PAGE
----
# best approach to compare ranks over time

If I have the following dataset:

rankdata <- read.table( text = " time  id  rank
1     a    1
1     b    2
2     a    2
2     b    3
2     c    1
3     a    1
3     b    3
3     c    2
4     a    2
4     c    1
5     a    1
5     c    1 ", header = TRUE)


I am trying to think of the best way to test whether ranks are consistant over time or not. I obviously work in R so pointers to doing this there would be best.

Absent ids within time points are not unmeasured data points but ids that were not present at the time of ranking. So number of ranks within a time point may be 1-6 then 1-12 in the next but generally within this range. Also note I expect that there may be ties.

What if I had several data sets by say island, I would need to incorporate island as a random effect. Each island will consist of completely independent ids.

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One of the awkward features looks to be that not all ids are ranked in each time-specific ranking exercise, is that correct? Also, in your extension to several island data sets, are the same things (a, b and c) being ranked on each island? – Peter Ellis Dec 16 '12 at 0:41
yes, however, the absent ids within time points are not unmeasured data points but ids that were not present at the time of ranking. Each island will consist of completely independent ids. PErhaps I willadd this to the question. – user1322296 Dec 16 '12 at 0:45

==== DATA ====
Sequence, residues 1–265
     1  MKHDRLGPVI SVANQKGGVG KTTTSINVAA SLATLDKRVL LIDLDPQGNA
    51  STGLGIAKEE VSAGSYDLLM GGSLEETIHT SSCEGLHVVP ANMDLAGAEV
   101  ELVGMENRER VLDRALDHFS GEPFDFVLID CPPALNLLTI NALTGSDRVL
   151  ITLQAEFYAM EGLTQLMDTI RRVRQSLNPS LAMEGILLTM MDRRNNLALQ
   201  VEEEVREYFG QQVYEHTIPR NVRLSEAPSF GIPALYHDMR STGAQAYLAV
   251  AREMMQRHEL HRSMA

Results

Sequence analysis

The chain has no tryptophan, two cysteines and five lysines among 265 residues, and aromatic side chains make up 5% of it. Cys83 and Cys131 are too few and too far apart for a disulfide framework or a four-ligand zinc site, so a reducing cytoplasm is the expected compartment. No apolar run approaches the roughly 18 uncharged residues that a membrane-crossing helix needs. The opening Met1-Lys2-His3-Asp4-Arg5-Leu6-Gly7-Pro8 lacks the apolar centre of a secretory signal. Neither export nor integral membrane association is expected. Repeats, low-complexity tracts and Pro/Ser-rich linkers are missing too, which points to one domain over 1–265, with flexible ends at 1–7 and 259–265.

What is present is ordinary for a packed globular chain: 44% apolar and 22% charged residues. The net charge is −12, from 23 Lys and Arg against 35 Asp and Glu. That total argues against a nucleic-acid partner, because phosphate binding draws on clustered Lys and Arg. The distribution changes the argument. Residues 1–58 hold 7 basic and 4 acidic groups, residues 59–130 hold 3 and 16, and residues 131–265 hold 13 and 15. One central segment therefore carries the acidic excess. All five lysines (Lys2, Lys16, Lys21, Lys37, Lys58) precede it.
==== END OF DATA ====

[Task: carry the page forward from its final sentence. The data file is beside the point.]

Here is one way to try. Construct a time series for each comparison of "X ranks better than Y"; with the values of win, lose, tie or NA. So for from your example data you have:

a-b: win  win  win  NA   NA
a-c: NA   lose win  lose tie
b-c: NA   lose lose NA   NA
`

Then you need to decide for yourself what you mean by consistent over time - what tolerance margin of inconsistency do you have? For example, the a-c comparison already shows inconsistency. Is this enough to throw it out?

You will also need to decide if you therefore want to reject the consistency hypothesis just for the a-c combination; for the whole system; or perhaps just for a and c (and there are various ways you might give yourself consistency measures for the margins ie all a, all c, etc).

If you want to allow a certain tolerance for minor inconsistency you will need to create some underlying latent random variables with distributions you can specify. This becomes your null hypothesis and you use it to generate simulated data that will give you an idea of the tolerable inconsistency; which you can compare somehow (with whatever summary statistic/s seems most relevant) to what you have actually observed.

On the island question, as the ids being ranked are not in common across islands I think you can treat each island as a completely independent problem.

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hmm, this seems to frame things to me like binary matrix mantel tests across time points? – user1322296 Dec 16 '12 at 1:23
I hadn't thought of it quite in those terms, but that might be one way of comparing the matrix at time 1 with a matrix at another time. I'm not sure it would work with all the NAs. Basically, you do need to create a way of quantifying the inconsistency, unless you have zero tolerance. – Peter Ellis Dec 16 '12 at 1:36